Kuwaiti MP urges exit visas for expats

Published:  20 Oct at 6 PM
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As Kuwait’s government and lawmakers continue proposing and introducing measures hostile to foreigners working in the emirate, a law is being introduced requiring exit visas for all expats.

Kuwaiti MP Waleed al Tabtabaei has proposed a measure imposing exit visas for all foreign workers intending to leave the emirate. The law, if adopted, would forbid expats working in the private sector from leaving unless they are granted approval by their sponsors and have received a special permit from the public manpower authority. It’s expected the rule would give even more power to consolidate sponsors’ control over foreign employees.

Exit visas are already required from expats planning to leave Qatar and Saudi Arabia, with Kuwait at present one of the most liberal Gulf States as regards expat freedom of travel. In the past, sponsors were known to confiscate expat employees’ passports until a court ruling barred the practice. Reintroducing the requirement for exit visas is likely to re-establish the activity. At the present time, expatriates working in the government sector are already subject to exit permit regulations.

Al Tabtabaie’s proposal is the latest anti-expat action in a series of similar calls against foreigners, with increasing charges for electricity, water and healthcare already on the books. Many more are expected to be introduced, including five per cent taxes on remittances and Kd1,200 taxes on driving licenses. Recently elected female MP Sala al Hashem and her group are pushing for increased laws against expats in an attempt to reduce the demographic balance between Kuwaiti nationals and foreign workers.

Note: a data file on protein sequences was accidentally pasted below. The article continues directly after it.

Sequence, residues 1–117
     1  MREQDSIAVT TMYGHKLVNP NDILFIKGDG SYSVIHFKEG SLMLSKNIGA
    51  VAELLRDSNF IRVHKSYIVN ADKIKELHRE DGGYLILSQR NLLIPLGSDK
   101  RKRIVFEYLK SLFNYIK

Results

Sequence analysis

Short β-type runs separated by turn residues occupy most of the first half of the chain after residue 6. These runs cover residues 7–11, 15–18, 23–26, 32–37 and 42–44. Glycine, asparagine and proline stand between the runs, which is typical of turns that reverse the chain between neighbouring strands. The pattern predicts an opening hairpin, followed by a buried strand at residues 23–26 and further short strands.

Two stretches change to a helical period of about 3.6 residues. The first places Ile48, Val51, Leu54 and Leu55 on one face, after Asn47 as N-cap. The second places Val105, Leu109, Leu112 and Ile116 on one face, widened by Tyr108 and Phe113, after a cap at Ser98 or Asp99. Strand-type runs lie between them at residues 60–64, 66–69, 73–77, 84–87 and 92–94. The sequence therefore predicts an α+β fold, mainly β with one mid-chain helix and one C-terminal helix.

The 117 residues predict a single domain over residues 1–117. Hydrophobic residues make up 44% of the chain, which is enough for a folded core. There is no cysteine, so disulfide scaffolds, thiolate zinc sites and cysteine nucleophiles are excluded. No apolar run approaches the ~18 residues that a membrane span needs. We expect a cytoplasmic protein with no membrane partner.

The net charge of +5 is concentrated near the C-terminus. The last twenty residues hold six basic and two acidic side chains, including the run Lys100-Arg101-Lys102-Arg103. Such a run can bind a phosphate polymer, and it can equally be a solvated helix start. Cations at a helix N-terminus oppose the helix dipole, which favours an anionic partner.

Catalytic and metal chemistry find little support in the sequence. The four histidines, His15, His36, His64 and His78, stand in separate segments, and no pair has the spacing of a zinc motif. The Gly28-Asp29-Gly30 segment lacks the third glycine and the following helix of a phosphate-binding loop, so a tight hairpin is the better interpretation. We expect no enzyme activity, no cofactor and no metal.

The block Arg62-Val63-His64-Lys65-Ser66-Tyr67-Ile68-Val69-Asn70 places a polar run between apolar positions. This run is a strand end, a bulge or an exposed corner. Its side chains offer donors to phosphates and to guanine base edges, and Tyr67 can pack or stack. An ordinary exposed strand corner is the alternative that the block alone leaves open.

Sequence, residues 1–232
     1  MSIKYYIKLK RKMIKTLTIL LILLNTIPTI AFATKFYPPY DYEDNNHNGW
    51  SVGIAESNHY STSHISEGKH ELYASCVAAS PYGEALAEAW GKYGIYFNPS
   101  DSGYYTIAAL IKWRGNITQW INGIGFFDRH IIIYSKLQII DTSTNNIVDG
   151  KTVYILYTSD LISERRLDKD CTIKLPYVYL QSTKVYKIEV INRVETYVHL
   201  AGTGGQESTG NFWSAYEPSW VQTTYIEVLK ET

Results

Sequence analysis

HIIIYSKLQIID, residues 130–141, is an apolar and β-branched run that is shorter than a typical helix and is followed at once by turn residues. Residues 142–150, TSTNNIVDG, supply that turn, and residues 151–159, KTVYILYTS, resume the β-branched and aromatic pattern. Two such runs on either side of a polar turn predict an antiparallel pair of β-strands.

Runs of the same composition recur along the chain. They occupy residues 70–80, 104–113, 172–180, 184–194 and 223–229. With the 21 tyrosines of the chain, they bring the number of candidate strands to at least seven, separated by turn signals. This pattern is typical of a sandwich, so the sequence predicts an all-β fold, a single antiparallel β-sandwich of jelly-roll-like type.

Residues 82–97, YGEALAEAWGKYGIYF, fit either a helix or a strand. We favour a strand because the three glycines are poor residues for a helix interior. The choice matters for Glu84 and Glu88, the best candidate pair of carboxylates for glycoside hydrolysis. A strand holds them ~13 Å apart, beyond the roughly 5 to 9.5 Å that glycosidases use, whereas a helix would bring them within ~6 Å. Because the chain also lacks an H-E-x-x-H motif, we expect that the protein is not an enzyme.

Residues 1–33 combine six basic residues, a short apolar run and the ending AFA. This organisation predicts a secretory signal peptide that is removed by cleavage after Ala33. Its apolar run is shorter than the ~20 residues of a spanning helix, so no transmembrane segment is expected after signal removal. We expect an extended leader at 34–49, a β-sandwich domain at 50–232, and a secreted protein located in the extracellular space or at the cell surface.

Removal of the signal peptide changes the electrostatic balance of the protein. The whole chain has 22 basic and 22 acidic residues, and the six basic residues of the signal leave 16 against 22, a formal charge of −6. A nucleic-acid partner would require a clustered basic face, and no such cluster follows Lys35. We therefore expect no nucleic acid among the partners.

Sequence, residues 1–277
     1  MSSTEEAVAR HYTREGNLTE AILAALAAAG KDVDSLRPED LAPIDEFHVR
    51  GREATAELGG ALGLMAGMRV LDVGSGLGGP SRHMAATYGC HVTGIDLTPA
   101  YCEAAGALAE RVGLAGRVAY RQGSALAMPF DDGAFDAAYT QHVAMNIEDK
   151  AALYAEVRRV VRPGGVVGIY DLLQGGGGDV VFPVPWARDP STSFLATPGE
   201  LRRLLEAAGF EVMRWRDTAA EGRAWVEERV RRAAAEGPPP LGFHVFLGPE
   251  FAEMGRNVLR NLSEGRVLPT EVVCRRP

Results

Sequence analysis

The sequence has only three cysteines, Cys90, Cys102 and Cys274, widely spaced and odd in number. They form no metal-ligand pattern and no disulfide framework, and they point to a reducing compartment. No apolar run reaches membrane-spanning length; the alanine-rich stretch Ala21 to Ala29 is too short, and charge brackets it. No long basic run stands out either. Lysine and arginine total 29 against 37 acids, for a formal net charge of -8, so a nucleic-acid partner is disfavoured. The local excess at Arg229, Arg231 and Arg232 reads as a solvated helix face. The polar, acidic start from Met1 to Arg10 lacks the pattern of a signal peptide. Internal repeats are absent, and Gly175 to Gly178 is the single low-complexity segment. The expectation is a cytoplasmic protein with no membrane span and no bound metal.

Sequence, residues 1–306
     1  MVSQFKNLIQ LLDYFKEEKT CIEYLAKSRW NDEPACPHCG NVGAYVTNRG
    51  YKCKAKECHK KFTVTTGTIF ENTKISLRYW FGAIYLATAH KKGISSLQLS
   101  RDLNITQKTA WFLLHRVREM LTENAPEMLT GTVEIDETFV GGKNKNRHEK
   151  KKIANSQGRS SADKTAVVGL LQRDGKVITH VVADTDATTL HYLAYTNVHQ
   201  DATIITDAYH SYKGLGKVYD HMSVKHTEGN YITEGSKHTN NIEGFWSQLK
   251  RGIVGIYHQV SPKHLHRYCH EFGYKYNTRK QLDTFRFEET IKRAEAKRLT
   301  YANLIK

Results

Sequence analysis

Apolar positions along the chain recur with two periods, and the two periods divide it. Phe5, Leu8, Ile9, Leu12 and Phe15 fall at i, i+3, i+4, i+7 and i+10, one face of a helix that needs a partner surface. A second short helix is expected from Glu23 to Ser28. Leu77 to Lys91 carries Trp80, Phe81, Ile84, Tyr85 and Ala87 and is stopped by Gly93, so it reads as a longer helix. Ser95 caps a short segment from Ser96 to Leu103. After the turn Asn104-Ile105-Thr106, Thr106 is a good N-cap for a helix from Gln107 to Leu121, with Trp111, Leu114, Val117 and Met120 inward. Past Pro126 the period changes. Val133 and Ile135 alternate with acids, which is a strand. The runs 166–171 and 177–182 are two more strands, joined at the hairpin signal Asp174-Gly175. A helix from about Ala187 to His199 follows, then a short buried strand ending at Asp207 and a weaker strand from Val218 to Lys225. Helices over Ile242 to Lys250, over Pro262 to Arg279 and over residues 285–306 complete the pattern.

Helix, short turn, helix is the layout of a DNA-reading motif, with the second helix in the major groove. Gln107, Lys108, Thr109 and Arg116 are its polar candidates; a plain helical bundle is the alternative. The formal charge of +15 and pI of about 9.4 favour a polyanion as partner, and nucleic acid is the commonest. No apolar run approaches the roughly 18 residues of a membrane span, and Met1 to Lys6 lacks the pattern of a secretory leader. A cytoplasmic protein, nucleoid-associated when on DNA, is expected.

Meanwhile in Dubai, an American Moslem woman staying in one of the city’s luxury hotels was told to leave the hotel pool as she was wearing a ‘loose-fitting’ burkini. She’d been the subject of a complaint by another of the hotel’s residents, and was reported as being disturbed by the incident. She told Arab News she’d worn the burkini for reasons of modesty, and had arranged for it to be customised to her size and shape when she bought it. She’s furious that she was being criticised for wearing a modest swimming costume in line with her Moslem beliefs.
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